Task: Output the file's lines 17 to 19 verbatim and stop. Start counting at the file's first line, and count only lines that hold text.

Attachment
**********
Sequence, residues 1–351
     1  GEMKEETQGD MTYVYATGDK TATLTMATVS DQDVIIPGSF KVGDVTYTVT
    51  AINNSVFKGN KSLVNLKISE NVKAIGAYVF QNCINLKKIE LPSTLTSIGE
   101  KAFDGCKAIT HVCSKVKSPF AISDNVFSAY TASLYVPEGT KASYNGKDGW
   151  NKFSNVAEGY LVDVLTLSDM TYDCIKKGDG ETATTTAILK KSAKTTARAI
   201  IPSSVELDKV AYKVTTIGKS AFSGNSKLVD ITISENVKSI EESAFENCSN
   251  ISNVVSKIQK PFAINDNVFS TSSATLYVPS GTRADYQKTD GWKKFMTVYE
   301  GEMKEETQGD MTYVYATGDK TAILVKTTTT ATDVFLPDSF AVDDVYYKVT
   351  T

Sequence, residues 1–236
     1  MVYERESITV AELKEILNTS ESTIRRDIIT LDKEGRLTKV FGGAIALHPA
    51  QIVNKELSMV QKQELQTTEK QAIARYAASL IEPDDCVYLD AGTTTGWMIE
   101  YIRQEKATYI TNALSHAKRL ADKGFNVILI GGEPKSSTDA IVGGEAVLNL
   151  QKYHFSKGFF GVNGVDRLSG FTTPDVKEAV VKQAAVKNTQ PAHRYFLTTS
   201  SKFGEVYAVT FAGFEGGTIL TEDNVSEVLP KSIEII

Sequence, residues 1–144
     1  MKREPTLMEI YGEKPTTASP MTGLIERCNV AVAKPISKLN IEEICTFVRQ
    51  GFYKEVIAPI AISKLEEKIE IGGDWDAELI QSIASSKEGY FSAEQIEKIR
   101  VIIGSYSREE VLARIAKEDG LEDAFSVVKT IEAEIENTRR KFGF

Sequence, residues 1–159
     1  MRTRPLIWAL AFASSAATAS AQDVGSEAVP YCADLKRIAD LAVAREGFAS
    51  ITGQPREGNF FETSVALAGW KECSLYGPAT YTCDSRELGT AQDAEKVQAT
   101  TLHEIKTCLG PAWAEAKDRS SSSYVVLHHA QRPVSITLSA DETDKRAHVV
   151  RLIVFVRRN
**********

     1  MKREPTLMEI YGEKPTTASP MTGLIERCNV AVAKPISKLN IEEICTFVRQ
    51  GFYKEVIAPI AISKLEEKIE IGGDWDAELI QSIASSKEGY FSAEQIEKIR
   101  VIIGSYSREE VLARIAKEDG LEDAFSVVKT IEAEIENTRR KFGF